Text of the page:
The area of a triangle is one-half the length of its base times its height; the area of a rectangle is just its length times its width. This week’s post is about an activity that gives students puzzles that can be fairly challenging, but which are built on these two simple rules. Beyond that, after working some of these puzzles, students can create their own puzzles and challenge one another. This post is the next in our series on *problem factories*.

The puzzles in this post use the area formulas for two simple shapes to compute the area of a fairly wide set of shapes. The obvious reason for doing this is to practice finding areas; solving these puzzles also improves problem solving skills by demonstrating that you can go pretty far with even a couple of simple rules. There is a deeper layer to this. There are far more than the two simple area formulas we use here taught in geometry classes or used in calculus classes. Most of those formulas can be recovered using the techniques needed to solve the puzzles in this post. Working the puzzles in this post sets up your students to find geometry, or parts of calculus, much easier to master. In addition, the team and whole-class activities at the end of the post are a good arena to develop teamwork skills. The problems in this post can be solved in many different ways, and working on them in teams will also help with discovery and insight.

**Geometry puzzles on grids**.

All of the puzzles have the instructions “Find the shaded area”. The areas are all displayed on grids, which are made up of squares of side length one. All of the examples in this post can be solved by adding, or subtracting, rectangles and triangles, all of which have easy-to-compute areas. Occupy Math also includes a solution with each puzzle — if you are posing these as problems, be sure to trim off the answer. Let’s take the first problem apart by using colored outlines on its elements to make the basic idea clear.

Here is the decomposition of the problem into two triangles and a square. Compare these with the solution.

Some of the puzzles can be solved by just counting blue squares; others cannot. For all the puzzles, it is less work to solve the problem by adding and subtracting areas of squares and triangles. This leaves room for a lesson on the value of thinking things through over a brute force approach. It is also good to discuss the notions of positive (shaded) space as opposed to negative (white) space. Sometimes the best solution comes from subtracting the areas of negative spaces from a large positive space.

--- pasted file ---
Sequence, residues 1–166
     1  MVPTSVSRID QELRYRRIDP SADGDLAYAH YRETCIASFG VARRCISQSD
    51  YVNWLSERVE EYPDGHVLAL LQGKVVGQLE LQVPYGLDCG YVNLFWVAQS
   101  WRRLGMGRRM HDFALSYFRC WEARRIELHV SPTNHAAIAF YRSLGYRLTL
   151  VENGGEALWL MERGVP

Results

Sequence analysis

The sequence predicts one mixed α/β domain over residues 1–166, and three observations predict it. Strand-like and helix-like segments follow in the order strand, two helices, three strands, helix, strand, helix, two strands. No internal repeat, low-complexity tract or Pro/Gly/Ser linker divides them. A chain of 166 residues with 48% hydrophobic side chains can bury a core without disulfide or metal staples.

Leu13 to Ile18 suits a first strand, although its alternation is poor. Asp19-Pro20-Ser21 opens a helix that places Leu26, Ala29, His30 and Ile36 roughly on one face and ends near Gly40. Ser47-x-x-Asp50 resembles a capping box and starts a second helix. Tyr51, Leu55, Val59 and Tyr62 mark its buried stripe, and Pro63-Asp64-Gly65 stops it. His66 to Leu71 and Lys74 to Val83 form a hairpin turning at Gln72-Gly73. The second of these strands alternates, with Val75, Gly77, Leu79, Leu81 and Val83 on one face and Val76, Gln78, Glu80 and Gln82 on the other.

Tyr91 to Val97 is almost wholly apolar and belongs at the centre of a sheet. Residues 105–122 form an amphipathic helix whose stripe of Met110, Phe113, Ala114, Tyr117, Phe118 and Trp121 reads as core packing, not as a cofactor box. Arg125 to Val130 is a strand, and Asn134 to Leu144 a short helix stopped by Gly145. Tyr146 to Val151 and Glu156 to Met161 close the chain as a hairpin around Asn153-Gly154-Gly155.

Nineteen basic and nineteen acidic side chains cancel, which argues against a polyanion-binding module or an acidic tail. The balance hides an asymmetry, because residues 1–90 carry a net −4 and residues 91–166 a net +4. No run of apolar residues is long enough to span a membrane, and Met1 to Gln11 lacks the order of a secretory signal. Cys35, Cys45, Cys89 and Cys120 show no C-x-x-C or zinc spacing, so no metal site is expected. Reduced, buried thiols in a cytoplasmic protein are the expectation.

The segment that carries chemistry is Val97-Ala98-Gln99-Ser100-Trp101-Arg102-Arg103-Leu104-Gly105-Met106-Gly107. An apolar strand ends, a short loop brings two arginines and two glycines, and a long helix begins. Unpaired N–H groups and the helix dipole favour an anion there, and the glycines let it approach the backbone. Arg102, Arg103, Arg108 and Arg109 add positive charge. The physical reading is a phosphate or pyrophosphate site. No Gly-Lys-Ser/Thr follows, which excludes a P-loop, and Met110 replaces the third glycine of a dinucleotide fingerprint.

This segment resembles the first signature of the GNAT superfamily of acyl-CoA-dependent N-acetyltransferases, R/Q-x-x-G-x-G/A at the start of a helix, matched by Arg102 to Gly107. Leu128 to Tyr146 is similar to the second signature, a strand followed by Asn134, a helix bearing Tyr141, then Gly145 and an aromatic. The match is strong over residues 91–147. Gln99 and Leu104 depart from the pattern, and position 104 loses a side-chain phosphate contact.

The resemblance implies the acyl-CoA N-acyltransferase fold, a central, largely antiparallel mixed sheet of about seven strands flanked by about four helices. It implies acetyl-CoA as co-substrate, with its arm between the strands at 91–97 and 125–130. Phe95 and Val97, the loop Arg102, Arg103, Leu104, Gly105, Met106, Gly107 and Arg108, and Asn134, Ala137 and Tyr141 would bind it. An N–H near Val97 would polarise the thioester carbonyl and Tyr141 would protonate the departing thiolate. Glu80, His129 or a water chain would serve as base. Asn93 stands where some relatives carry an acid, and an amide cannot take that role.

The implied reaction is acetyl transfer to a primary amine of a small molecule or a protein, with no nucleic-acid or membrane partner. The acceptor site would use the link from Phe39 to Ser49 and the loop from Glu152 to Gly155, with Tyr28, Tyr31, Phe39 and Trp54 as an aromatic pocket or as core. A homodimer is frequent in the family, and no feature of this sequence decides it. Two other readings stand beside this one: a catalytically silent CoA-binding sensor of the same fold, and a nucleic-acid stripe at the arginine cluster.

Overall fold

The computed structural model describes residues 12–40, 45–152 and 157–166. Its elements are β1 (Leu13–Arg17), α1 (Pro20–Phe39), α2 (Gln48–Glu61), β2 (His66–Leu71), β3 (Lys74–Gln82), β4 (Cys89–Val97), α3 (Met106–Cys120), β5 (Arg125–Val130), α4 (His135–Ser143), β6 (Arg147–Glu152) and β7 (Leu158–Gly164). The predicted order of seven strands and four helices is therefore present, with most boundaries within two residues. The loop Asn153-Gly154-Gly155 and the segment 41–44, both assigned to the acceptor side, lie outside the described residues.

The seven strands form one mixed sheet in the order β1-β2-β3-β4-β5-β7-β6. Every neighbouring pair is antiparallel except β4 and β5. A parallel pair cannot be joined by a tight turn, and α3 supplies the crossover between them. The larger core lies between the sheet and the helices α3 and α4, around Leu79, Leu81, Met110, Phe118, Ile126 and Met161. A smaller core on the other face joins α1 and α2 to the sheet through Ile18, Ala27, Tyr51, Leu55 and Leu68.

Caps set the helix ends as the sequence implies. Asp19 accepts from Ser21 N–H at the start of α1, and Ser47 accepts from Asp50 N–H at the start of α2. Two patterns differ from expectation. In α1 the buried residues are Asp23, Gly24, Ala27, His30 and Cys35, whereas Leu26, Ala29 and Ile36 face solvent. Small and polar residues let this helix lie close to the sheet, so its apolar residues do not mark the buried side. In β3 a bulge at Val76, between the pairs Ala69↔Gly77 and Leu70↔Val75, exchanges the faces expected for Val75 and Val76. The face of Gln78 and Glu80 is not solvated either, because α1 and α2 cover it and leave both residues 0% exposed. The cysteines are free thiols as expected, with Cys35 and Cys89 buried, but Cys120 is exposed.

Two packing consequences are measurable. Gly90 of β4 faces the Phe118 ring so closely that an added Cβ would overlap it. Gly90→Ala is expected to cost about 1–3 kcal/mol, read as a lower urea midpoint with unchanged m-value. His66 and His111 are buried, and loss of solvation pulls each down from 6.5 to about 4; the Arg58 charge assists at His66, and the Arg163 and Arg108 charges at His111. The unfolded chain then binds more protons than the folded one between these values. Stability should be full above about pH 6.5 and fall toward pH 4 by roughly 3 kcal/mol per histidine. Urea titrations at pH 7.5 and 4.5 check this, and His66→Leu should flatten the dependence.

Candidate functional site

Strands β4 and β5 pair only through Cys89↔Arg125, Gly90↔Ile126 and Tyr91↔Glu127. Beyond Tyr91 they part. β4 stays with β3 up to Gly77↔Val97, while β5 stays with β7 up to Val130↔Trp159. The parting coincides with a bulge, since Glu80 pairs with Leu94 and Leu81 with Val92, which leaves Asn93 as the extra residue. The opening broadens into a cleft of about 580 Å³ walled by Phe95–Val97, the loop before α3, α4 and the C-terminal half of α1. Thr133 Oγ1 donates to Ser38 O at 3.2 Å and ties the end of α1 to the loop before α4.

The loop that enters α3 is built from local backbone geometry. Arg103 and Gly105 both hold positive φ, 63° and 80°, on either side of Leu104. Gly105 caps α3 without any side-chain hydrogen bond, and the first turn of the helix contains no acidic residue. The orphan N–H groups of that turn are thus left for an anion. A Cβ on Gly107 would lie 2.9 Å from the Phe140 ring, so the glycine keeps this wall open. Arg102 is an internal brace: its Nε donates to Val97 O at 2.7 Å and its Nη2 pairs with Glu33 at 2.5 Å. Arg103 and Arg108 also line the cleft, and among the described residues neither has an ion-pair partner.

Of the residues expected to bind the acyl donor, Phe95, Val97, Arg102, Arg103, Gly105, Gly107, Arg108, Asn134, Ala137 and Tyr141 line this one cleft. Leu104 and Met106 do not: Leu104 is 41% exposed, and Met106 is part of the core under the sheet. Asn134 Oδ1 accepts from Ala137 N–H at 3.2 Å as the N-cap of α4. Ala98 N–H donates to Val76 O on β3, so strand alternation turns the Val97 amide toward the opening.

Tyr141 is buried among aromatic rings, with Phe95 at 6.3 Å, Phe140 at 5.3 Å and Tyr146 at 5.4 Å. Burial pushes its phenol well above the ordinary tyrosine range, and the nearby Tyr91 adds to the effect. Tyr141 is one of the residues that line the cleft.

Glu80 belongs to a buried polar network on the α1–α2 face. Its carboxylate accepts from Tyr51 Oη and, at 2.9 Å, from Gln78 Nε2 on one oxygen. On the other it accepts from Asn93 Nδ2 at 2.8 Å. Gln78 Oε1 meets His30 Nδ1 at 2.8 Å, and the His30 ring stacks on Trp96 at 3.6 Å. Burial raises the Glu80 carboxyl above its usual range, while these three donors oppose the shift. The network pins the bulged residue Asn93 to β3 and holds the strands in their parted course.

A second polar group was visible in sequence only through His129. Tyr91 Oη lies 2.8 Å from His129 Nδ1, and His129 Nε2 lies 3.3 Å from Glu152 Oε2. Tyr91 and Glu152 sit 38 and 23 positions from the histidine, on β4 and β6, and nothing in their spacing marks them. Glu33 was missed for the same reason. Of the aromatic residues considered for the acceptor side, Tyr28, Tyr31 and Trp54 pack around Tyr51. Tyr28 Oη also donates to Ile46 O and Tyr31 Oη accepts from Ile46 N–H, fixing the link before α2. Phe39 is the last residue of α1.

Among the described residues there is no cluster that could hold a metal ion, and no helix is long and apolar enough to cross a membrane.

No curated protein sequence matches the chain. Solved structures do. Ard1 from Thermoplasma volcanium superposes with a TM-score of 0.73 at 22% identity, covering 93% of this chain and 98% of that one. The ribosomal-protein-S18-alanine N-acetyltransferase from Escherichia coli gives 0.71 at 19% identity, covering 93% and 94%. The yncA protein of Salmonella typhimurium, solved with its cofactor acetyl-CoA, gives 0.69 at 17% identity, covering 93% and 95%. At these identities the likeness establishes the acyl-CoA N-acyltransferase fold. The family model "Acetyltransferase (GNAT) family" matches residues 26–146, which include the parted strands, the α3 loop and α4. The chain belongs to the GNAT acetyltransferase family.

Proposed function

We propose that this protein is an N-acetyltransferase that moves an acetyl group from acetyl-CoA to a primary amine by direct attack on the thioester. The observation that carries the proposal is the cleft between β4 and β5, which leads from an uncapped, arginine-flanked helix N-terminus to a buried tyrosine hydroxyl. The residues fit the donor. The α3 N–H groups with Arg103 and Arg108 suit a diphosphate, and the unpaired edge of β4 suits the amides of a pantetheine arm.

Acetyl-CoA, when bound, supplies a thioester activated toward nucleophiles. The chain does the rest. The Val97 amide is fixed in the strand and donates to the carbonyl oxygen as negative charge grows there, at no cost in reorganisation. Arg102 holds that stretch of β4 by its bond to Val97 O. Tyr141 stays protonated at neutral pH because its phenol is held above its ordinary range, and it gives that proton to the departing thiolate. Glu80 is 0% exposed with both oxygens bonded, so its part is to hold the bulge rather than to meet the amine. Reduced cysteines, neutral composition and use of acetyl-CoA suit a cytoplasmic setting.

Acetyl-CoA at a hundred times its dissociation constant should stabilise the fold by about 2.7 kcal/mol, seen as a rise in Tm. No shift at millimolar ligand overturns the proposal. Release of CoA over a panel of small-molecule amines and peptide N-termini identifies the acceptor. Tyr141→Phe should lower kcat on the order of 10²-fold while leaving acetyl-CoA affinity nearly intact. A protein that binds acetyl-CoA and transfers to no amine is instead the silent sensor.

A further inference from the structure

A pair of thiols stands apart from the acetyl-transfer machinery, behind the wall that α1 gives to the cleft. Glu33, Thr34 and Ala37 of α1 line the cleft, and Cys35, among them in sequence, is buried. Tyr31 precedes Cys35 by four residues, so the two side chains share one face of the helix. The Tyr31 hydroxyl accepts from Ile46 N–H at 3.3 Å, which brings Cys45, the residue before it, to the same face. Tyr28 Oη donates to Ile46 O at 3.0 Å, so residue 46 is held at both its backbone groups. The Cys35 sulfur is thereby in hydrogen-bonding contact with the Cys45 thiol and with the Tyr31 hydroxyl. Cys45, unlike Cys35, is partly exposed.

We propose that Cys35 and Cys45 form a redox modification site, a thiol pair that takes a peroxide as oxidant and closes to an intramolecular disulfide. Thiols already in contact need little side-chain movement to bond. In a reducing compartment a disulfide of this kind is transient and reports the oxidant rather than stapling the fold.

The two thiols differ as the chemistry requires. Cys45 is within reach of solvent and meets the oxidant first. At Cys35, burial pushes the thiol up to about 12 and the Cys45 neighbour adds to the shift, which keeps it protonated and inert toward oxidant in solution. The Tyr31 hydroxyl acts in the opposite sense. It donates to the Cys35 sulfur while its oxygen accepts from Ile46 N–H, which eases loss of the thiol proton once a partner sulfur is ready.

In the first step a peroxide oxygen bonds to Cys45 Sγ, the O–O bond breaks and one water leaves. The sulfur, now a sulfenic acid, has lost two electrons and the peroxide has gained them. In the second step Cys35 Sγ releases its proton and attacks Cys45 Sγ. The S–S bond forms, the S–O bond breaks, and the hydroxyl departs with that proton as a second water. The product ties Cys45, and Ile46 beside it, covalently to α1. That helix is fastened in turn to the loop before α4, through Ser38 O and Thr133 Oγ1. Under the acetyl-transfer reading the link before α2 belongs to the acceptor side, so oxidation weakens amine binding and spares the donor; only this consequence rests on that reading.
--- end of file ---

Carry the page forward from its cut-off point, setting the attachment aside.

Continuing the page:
**A catalogue of puzzles**

Scroll past the puzzles for comments on making your own puzzles, having students do them, and other ways to use the puzzles.

**Making your own problems**

The examples in the post show that the trick is drawing a shape on a grid that can be explained with rectangles, triangles, and sometimes “half squares” which is just another way to deal with a triangle. To make your own puzzle, you get some grid paper, lightly outline a shape, and check that you can see a path to solving it. This is not difficult — but the cleverness required to solve the puzzle varies quite a lot, as the examples show. This is the problem factory aspect of these puzzles.

A nice class activity is to have groups of students compose puzzles and write out solutions. These puzzles are handed in and the groups is then graded on the correctness of their solutions. The instructor compiles the puzzles and the teams work them all. You may or may not want to have a group work the puzzle they contributed; Occupy Math favors this as it serves as a check on submitting excessively ornate puzzles. A way to enhance this activity is to have the class vote on which of the puzzles were best (they should not be allowed to vote for their own puzzle) and perhaps have bonus points for being voted best.

Occupy Math usually gives appropriate grade levels with an activity post. Depending on your school system, these puzzles start being useful in third or fourth grade, possibly later, depending on when the rules for areas of triangles and rectangles are taught. There is a caveat here — some of the puzzles Occupy Math decided not to put in the post are actually more like a grade eight difficulty level. If you make your own puzzles, try not to go overboard.

**Other activities with these puzzles**

As currently phrased, these puzzles are an exercise in exact computation. They can also be used for exercises that build estimation skills. The easier activity in this direction is to pick two puzzles with a similar area (not the same, that kind of violates the spirit of estimation) and ask the students to determine which is larger, quickly, or without access to a calculator or pencil and paper. A harder activity is to pick several of these puzzles and ask the students to sort them into ascending order of size. Having some close areas and some that are obviously different is good for the sorting activity — estimation solves the easy cases, the hard ones require calculation.

There are some obvious ways to augment this activity — if you are studying circles, you can add these into the mix, for example, though this disrupts the property of having whole number answers. Occupy Math designed the example puzzles to have whole number answers so that the focus would stay on the puzzles and the geometric properties used to solve them, rather than getting into the weeds of arithmetic. That said, the problems you construct for yourself are likely to have fractional areas, which is a perfectly good thing. Occupy Math is publishing a book soon that includes more of these puzzles. Drop him a line at **dashlock@uoguelph.ca** if you would like a note when the book is published.

I hope to see you here again,

So remember to wear your mask!

Daniel Ashlock,

University of Guelph,

Department of Mathematics and Statistics